• Media, both traditional and digital, plays a vital role in disseminating information, mobilizing public opinion and building a discourse around the issue of child safety. Effective use of digital technology for creating further awareness on child safety is another platform that is being leveraged. We need to ensure that all children, every girl, and boy, no matter where they live or what their background is, benefit from the learning opportunities and connectivity that the digital world can provide. However, along with the benefits that digital technology provides, it has also put young people at risk of harm online, including abuse, exploitation, trafficking and cyberbullying.

Q. UNICEF has recently launched a report called ‘Every Child ALIVE’ focusing on the number of newborn deaths in the country. Has India made any progress in curbing the under-five mortality?

India has shown 66% reduction in the under-five mortality rate between 1990 and 2015, nearly meeting its Millennium Development Goal 4 target. This is much higher than the global decline of 55% during the same period. This progress has been due to a holistic approach to health programming for children. However, the progress has been slower for new-borns and has also been inequitable between boys and girls, with the under-five mortality rate for girls currently being 11% higher, at 41 per 1000 as against 37 per 1000 for boys.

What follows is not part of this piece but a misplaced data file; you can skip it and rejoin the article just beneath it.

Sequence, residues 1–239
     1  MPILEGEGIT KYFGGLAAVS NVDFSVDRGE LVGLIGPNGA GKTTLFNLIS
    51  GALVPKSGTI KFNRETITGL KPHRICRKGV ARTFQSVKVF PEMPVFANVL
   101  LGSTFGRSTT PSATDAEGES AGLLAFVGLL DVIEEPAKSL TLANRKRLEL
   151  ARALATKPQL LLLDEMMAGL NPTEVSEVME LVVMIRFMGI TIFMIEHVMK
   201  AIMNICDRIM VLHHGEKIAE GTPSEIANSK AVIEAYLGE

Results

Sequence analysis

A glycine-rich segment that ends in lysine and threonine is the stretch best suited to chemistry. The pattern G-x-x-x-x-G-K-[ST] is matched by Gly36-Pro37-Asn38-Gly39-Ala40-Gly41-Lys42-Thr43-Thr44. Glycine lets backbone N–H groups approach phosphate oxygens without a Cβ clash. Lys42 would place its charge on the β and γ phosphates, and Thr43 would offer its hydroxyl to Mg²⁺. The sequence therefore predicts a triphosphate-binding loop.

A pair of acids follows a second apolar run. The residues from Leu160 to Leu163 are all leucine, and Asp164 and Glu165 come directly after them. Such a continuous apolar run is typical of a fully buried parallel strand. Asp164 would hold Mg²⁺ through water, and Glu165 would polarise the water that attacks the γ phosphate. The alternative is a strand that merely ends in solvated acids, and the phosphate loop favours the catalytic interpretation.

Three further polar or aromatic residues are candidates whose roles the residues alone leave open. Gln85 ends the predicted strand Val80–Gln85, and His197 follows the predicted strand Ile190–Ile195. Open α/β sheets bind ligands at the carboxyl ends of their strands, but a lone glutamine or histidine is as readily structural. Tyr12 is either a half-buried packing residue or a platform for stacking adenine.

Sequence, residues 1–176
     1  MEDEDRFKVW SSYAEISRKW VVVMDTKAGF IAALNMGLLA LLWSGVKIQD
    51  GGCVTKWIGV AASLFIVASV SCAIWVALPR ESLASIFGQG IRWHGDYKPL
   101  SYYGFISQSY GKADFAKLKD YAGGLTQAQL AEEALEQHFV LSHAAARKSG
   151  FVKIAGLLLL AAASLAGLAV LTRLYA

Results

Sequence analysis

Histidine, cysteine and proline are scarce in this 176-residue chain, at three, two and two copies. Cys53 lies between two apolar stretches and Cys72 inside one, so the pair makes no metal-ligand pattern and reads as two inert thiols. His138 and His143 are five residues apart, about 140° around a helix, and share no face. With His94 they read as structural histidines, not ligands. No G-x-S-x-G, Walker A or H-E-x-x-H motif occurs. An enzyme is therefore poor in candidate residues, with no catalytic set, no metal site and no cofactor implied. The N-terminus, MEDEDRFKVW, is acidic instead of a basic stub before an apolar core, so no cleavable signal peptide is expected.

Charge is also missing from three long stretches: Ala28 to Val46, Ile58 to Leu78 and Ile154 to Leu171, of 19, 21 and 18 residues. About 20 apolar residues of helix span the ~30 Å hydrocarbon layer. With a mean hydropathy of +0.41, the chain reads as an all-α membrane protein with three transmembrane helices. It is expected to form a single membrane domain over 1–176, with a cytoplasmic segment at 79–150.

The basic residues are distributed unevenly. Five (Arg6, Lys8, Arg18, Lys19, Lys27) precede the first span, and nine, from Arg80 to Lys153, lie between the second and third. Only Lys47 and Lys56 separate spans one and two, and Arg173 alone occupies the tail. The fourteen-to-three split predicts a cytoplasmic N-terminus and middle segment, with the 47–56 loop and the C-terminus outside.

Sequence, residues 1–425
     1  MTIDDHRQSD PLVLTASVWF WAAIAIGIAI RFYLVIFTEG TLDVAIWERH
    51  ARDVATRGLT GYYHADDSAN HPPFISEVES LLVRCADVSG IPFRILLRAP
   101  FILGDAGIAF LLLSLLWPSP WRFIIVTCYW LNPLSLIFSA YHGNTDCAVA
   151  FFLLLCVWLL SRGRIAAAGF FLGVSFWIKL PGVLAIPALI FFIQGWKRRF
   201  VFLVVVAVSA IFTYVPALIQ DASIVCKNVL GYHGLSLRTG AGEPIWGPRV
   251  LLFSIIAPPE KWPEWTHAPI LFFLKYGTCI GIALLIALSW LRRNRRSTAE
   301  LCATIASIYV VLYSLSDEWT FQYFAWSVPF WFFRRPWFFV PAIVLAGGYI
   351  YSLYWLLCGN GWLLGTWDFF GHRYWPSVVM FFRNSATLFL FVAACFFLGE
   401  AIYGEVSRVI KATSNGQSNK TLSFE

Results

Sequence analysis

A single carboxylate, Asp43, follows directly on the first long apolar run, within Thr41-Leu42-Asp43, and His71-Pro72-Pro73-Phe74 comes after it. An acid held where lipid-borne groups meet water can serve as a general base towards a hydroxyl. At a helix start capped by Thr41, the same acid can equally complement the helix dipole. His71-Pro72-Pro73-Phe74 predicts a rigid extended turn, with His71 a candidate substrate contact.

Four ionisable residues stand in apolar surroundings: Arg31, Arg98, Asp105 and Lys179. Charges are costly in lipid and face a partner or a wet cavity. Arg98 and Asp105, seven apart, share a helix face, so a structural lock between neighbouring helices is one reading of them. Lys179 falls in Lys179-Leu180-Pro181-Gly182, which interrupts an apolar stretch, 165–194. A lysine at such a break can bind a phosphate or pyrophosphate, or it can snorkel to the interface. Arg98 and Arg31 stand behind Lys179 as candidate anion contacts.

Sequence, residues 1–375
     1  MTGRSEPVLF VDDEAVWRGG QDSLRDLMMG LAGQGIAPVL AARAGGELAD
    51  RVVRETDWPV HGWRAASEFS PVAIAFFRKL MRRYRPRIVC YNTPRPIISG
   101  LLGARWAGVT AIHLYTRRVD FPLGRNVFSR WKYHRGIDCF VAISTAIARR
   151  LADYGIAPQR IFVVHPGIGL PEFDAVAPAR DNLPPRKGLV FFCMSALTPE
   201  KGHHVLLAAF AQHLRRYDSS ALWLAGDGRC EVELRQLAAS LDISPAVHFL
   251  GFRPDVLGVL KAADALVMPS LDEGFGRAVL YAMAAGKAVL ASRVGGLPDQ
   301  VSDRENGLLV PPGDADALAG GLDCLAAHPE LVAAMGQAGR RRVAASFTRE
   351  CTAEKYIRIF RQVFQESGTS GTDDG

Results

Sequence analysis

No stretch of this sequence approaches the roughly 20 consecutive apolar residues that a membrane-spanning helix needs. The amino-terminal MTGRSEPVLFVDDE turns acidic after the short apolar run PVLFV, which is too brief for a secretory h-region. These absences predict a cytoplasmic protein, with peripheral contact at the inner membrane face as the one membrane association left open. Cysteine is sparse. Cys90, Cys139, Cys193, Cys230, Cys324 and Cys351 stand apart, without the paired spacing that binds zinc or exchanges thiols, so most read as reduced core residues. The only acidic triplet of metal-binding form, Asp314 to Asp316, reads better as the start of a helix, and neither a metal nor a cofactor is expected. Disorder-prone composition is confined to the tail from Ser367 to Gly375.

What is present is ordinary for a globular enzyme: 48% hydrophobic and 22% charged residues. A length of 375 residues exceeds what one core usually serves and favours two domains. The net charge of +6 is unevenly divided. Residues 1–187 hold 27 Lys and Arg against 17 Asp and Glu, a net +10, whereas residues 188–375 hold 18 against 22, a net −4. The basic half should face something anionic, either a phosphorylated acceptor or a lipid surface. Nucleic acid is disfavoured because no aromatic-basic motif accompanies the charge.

Q. Why are more girls dying in India than boys?

Girls have the advantage of being biologically stronger, yet sadly they are extremely vulnerable socially. The discrimination begins even before they are born. Though the gender gap has started shrinking due to the fast decline of mortality for girls as compared to boys in the recent years, the gap still remains high in many states. The neglect of the girl child is a much broader issue and needs interventions beyond health to address the social norms and cultural practices that act as barriers to bridging the gender gap. It will require working at both the policy level for creating an enabling environment. And at the community level, to build awareness and bring emphasis to the value of the girl child. It will also need increased investments in the availability of gender-disaggregated data for more informed planning.

Q. Please share with us some details about the immunization campaign in India.

Immunisation is one of the most cost-effective public health interventions that currently averts an estimated 2 to 3 million child deaths globally every year. India has one of the largest immunization programmes in the world, in terms of a number of beneficiaries, geographical coverage, and quantities of vaccines used, with nearly 26 million new-borns targeted for immunization annually. However, despite this effort, only 65% of the children in India receive full immunization during the first year of their life.

This translates to 9 million children not fully protected against preventable diseases such as Diphtheria, Pertussis, Tetanus, Measles and Preventable pneumonia. To address this issue, Government of India, with the support of UNICEF, WHO, and other partners, has launched Mission Indradhanush to achieve 90% immunization coverage by the end of 2018. UNICEF is also supporting the government for the strategic communication activities on immunization, in order to create further awareness on the need for complete immunization as well as create a discourse on the value of vaccines.

Q. What is the Measles-Rubella Vaccine Campaign and why do we need it?